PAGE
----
Waiting for Callback is a witty new teen novel that much impressed Books for Keeps reviewer Geoff Fox. The story of 15-year-old Elektra James as she ventures into the world of acting, it’s written by a mother and daughter duo, Perdita and Honor Cargill. What was the writing process we wondered, and what’s it like to write a book with your mum? Geraldine Brennan interviewed the authors for us.
It’s only when writing a teenage novel with your mother, perhaps, that you would be offered the following happy ending: would-be actress gets dream role but turns it down to concentrate on GCSEs.
‘The North London mothers would have loved that,’ says former barrister Perdita Cargill, who has just published Waiting for Callback with her 17-year-old daughter Honor. ‘But strangely enough, Honor wouldn’t go for it. She also wouldn’t let me write the party scene, because I referred to ‘snogging’. Apparently nobody says that now.’
‘Can you imagine?’ says Honor. ‘How embarrassing.’ Waiting for Callback is steeped in embarrassment, with narrator Elektra suffering the regular angst related to boys, bitchy girls and friendship hiccups while also forging a career as an actress, which requires unheard-of levels of embarrassment on a daily basis.
Until, like Elektra and her creator, you have had a director intervene in your first kiss ever, you don’t know the meaning of the word. ‘I was 13 and in a production of Spring Awakening at the Edinburgh Festival, and the boy left the show soon after.’ Honor dipped a toe into professional acting in her primary school years, training with Young Actors Theatre (formerly Anna Scher).
Her tales from castings and (occasionally) film sets informed Waiting for Callback, so the glimpses of indie films shot in freezing warehouses, the 12-hour days fuelled by crisps, the upbeat but firm emails from Elektra’s agent and the many hurdles to jump on the way to playing a hyperactive squirrel in a commercial all ring true. Especially the waiting.
‘It was suggested that ‘Waiting’ wasn’t an exciting enough word for a title, but there is nothing passive about actors waiting,’ says Perdita. ‘You wait and wait for callbacks and second callbacks and if you get a job and you get on set there’s more waiting, and it’s all you do and it can make you feel hysterical.’ Like Elektra’s mother, Perdita has lost large chunks of her life to chaperoning Honor at auditions, and waiting. ‘I didn’t feel comfortable in that world, but Honor would see the funny side. When we were laughing about her stories at home we realised that there was potential for a book.’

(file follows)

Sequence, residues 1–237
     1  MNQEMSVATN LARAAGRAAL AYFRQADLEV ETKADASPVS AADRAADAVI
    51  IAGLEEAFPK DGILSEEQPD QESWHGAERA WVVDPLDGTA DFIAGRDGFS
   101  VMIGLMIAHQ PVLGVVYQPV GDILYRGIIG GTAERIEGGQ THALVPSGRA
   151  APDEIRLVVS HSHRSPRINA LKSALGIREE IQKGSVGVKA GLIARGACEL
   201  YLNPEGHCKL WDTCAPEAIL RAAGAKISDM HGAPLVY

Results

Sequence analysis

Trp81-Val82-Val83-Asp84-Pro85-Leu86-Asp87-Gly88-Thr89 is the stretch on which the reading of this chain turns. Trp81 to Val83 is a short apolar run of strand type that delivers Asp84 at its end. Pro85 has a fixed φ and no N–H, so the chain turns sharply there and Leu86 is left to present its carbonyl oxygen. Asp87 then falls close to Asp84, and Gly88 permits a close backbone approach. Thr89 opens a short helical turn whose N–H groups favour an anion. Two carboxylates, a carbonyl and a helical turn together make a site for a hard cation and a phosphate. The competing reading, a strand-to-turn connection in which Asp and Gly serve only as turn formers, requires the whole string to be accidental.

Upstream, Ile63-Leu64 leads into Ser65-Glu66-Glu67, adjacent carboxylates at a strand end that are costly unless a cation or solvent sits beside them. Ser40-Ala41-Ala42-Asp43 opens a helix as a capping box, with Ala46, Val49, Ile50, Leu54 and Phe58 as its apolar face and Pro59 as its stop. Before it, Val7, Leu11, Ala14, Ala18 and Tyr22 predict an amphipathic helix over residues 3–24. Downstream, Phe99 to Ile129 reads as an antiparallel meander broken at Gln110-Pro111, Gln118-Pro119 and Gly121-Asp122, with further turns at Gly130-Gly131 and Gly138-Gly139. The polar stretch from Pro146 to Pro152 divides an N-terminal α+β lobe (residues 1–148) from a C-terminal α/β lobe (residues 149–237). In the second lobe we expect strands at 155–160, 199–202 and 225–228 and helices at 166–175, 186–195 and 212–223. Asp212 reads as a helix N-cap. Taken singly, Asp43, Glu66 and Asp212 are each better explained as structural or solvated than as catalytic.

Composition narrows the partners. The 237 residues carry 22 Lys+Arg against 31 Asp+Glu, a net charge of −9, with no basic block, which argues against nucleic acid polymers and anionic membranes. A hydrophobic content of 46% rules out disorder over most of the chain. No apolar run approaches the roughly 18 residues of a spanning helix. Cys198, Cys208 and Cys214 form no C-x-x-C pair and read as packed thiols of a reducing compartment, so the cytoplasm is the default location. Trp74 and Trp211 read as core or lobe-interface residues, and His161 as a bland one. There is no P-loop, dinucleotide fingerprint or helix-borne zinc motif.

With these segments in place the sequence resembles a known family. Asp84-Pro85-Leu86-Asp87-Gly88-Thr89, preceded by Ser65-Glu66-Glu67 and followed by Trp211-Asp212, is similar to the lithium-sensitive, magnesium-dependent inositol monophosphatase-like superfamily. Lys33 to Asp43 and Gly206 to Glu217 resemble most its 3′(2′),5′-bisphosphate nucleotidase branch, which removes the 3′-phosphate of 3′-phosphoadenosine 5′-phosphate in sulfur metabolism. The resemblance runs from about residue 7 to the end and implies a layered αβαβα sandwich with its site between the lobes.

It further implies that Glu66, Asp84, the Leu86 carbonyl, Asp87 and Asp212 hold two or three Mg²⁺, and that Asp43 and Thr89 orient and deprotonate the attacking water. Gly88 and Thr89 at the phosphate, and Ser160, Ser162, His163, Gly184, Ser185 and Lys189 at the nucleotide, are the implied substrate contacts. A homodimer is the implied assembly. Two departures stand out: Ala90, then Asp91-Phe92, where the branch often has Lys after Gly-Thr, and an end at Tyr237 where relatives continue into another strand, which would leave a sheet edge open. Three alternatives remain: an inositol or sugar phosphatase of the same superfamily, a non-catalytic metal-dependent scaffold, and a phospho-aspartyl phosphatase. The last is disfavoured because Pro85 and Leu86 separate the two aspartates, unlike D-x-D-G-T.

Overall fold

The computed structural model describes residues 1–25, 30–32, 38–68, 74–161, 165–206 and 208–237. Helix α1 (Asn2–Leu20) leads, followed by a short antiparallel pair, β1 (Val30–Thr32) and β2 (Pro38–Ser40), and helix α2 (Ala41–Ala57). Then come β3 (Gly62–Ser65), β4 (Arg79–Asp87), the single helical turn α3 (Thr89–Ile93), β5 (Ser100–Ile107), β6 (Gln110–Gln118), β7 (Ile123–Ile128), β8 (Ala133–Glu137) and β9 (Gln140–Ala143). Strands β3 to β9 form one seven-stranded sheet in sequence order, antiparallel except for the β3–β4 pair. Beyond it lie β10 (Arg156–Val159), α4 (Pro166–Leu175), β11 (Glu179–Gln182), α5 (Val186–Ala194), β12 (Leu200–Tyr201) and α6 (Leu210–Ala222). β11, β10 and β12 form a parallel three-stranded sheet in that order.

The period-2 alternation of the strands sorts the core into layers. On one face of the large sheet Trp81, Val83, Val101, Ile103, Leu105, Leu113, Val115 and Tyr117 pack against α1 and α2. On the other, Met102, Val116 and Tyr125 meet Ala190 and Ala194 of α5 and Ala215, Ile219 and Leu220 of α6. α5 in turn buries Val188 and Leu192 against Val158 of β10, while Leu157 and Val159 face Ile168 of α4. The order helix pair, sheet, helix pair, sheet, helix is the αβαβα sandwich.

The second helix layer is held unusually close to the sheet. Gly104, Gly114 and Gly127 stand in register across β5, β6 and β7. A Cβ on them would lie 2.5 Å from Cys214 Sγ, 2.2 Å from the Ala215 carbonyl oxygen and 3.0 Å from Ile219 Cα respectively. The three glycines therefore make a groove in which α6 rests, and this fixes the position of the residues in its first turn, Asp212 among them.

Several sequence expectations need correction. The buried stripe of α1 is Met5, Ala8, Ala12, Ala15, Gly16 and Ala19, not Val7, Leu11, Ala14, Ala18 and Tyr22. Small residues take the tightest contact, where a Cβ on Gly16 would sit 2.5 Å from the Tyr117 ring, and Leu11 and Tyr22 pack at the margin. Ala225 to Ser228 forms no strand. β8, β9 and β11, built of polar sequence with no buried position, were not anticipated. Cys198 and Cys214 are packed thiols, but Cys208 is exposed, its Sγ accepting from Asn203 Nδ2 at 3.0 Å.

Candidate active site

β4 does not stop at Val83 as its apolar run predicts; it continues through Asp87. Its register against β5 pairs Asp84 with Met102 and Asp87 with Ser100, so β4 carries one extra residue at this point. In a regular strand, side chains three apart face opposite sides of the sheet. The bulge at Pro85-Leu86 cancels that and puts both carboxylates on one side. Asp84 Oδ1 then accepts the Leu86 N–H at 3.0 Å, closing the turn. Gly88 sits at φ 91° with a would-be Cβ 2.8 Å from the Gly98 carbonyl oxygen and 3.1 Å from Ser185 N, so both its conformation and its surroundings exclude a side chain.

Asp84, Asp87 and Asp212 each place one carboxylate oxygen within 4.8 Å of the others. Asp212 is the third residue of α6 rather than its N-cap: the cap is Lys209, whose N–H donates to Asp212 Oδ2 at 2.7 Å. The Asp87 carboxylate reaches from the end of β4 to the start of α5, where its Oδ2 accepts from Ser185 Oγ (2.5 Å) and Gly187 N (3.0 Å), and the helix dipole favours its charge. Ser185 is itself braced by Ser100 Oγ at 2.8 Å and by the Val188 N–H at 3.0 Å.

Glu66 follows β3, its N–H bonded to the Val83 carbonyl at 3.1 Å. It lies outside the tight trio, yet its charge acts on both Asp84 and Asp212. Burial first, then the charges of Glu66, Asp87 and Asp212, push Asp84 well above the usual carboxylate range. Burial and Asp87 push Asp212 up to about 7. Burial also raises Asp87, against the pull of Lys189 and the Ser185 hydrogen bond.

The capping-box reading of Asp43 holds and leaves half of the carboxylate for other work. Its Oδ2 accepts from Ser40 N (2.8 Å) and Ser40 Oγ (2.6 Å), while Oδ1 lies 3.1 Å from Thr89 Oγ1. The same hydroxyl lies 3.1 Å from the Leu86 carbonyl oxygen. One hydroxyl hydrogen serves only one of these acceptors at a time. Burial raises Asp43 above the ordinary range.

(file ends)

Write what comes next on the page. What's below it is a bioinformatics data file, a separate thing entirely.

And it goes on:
Honor coped with the demands of the business because, ‘I knew I didn’t want to do it forever. I just enjoyed it and I was able to chill somehow. I was the queen of callbacks. I had seven callbacks for a big film role, got to the last two and didn’t get it. I was often down to the last two. You have to learn to get over the disappointment. It is very hard if your life is about getting the jobs or if even you are successful but don’t really want to do it. Elektra is determined and talented and works hard, but on top of that you need to be lucky.’
With plans to study archaeology and classical civilisation, Honor is now waiting for callbacks from university interviews but still enjoys performing in school plays, currently The School for Scandal with a 1950s setting. In her final school year, writing is mainly confined to the holidays but she often manages 20-minute bursts of dialogue between classes. ‘I’m dyslexic and I find scripts easier to read than straight texts, so I find it easy to let dialogue and text conversations flow.’ Meanwhile Perdita works on the story structure and the pair exchange and edit drafts by email.
‘I heard that Jodie Picoult sits side by side with her daughter to write but we can’t do that, we’d drive each other mad,’ says Perdita. ‘We spend quite enough time together as it is. The writing is done separately although the story emerges from us talking in the kitchen. Honor is my teenage filter when we revise. I couldn’t believe that Elektra would ignore three texts from her mother in a row but Honor assured me that she would.’
The playful downtime spirit in which Honor has created Elektra’s voice infuses the text. While Elektra’s ambition and emotional journey guarantees high stakes, there is a lot of sitcom-style enjoyment and a truly happy ending (until the next audition). ‘It’s a holiday book, and I’m not apologising for that,’ says Honor. ‘I wanted to write something you can pick up when you’ve had a horrible day.’
The pair are in the final stretch of writing the sequel, in which Elektra appears to be closer than ever to the big break: what can possibly go wrong?
‘We’ve got till the end of February to finish and we’re really relieved there’s an extra day this year,’ says Honor.
‘Then definitely no more till after exams,’ says her mother.
Geraldine Brennan is a journalist specialising in children’s books and education. She regularly reviews for the Observer and has judged several literary awards.
Waiting for Callback by Perdita and Honor Cargill is published by Simon and Schuster, 978-1-4711-4483-7, £6.99.